If you had a gene that increased your risk of getting an aggressive cancer, would you want to know? Genetic testing now makes that possible. And as Serese Cole tells us , while it can be an emotional journey - it's one more women are willing to take.
Brandi Preston was just 14-years-old when she lost her mom to breast cancer. Her mother had the gene mutation BRCA. Her grandmother carried it, too.
"It was kind of like - it's a ticking time bomb. You're just waiting for it to come to you," explained Preston.
Instead of waiting, Brandi met with a Genetic Testing Counselor to see if she had the gene. Her DNA was collected by a simple mouthwash sample and in less than two weeks the results were in.
"I kind of knew what my result was going to be - and she was like, 'your positive'," said Preston.
Twilla Westercamp, "If somebody inherits that - then they will not necessarily always get cancer, nor will they die from it, but they are at increased risk."
Serese Cole, "But the increased risk is a big one. Most women have a 10--12 percent risk of developing breast cancer during their lifetime. For people who carry the BRACA gene - the risk goes to 87-percent."
Algent Creighon Health's Certified Genetic Nurse Twilla Westercamp says there are options including enhanced and frequent screenings using MRIs, chemo prevention drugs and preventative surgeries.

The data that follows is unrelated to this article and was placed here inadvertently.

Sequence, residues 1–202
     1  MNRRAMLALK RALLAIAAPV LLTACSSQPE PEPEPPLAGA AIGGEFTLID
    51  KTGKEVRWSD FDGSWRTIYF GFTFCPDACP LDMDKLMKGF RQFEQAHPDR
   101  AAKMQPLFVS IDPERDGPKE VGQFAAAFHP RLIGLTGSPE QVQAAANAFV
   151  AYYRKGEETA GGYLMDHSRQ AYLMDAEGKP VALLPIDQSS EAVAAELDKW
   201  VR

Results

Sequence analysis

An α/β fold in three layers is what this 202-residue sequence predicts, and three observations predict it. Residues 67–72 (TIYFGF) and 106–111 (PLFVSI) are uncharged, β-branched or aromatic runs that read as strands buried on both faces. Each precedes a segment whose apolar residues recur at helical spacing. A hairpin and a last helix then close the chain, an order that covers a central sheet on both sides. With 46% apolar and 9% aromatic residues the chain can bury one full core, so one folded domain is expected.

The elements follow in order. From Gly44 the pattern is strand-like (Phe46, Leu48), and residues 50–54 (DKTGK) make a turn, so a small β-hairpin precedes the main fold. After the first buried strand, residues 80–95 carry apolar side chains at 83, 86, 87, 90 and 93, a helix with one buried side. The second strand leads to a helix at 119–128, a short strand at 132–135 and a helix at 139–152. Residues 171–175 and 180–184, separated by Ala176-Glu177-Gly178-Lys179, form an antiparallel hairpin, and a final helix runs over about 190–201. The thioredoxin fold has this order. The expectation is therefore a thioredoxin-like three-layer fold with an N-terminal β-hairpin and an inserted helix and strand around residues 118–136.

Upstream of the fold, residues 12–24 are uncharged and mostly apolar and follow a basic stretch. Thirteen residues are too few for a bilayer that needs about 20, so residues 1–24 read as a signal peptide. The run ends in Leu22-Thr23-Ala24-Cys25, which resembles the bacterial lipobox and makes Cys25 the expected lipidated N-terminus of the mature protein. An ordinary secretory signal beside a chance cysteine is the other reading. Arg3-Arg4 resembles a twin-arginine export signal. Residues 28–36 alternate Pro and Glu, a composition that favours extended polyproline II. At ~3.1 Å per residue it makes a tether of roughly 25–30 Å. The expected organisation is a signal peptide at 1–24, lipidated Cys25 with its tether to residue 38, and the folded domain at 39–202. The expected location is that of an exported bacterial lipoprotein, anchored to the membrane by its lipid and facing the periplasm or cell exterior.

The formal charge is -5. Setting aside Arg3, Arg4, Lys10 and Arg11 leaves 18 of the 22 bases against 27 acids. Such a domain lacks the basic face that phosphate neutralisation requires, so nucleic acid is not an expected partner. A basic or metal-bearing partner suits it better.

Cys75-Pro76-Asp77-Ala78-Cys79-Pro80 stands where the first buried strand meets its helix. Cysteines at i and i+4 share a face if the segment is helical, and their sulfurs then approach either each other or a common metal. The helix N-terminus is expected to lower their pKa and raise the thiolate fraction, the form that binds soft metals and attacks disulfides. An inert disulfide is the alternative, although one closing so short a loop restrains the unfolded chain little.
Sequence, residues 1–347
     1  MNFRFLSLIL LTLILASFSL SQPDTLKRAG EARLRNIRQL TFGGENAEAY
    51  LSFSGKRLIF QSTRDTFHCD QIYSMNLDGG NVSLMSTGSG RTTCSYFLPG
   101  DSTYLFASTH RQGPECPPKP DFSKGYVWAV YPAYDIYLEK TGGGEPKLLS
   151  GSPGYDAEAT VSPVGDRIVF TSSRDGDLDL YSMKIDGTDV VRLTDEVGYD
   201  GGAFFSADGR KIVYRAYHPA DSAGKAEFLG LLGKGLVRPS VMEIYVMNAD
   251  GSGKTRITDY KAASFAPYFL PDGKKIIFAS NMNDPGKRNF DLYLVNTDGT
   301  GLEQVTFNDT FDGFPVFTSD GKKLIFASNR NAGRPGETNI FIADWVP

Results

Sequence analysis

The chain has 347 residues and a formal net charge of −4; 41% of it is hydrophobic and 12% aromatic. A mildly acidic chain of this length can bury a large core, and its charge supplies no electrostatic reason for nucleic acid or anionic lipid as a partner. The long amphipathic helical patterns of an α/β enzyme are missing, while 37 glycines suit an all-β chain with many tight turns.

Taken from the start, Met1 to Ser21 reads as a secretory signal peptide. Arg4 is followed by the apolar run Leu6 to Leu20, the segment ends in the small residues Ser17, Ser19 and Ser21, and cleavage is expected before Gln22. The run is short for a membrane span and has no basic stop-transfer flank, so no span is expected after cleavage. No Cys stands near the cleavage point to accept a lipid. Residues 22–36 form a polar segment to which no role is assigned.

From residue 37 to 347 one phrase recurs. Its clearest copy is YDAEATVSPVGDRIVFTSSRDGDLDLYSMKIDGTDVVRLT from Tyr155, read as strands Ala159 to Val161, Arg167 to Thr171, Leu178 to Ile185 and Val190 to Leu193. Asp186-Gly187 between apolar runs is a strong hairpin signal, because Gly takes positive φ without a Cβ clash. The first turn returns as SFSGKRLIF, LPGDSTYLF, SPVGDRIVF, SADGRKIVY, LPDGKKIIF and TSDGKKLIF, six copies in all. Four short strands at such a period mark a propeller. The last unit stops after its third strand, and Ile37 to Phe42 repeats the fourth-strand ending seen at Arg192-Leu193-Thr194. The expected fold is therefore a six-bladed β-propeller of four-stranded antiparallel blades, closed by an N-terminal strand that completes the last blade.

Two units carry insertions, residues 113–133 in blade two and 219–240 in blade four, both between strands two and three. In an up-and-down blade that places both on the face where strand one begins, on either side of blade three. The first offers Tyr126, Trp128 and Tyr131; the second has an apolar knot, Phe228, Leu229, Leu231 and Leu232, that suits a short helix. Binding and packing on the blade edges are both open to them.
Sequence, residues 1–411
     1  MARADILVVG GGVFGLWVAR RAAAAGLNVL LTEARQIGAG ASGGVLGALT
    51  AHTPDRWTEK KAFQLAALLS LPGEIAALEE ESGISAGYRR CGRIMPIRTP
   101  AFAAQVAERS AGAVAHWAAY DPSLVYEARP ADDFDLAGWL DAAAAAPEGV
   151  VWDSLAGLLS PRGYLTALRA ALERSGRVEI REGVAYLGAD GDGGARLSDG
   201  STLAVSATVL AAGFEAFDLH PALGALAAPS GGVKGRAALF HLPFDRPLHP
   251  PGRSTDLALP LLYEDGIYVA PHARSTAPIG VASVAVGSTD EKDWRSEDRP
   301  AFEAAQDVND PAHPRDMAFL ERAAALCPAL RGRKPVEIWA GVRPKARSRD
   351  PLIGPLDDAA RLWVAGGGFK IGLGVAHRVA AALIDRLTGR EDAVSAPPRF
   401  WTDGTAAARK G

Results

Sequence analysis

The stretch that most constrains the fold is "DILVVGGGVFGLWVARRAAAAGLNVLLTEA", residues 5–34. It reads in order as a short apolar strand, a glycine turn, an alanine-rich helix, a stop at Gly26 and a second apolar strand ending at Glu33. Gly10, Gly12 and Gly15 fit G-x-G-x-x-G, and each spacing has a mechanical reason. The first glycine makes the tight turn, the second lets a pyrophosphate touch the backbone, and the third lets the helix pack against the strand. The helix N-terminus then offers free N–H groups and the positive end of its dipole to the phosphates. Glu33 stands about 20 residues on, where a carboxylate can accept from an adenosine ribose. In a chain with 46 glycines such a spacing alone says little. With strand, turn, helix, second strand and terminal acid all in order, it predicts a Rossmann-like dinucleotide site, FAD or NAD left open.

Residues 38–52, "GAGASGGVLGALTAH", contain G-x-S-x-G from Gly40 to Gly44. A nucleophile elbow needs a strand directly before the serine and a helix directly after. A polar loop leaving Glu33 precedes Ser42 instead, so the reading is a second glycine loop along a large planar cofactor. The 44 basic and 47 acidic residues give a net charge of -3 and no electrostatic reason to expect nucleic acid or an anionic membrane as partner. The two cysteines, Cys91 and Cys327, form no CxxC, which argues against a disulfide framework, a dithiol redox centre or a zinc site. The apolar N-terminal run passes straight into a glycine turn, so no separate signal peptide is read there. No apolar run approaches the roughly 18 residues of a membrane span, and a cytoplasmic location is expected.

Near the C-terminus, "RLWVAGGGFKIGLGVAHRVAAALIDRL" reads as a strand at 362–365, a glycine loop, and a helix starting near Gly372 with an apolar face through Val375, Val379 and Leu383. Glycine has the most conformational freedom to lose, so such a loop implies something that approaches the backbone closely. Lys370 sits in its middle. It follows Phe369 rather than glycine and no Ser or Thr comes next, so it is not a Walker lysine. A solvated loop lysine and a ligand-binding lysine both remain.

"If my mom would have known, she would have been able to see doctors every 6 months - and they wouldn't have found it at stage 4 - they would have have found it at stage 1," said Preston.
Her mom and seven -month-old son Peyton are the motivation behind her plans to get a double mastectomy. The procedure will reduce her chance of getting breast cancer by up to 95 percent.
"If I can prevent it altogether - I'm going to try," she said.
Hoping the surgery will give her more precious time - with precious Peyton.
So who should consider this kind of genetic testing? If you or someone in your family was diagnosed with breast cancer under the age of 50, if you have multiple family members diagnosed with breast or ovarian cancer or if someone in your family has breast and ovarian cancer. The test costs up to 3500 dollars, but most are covered by insurance.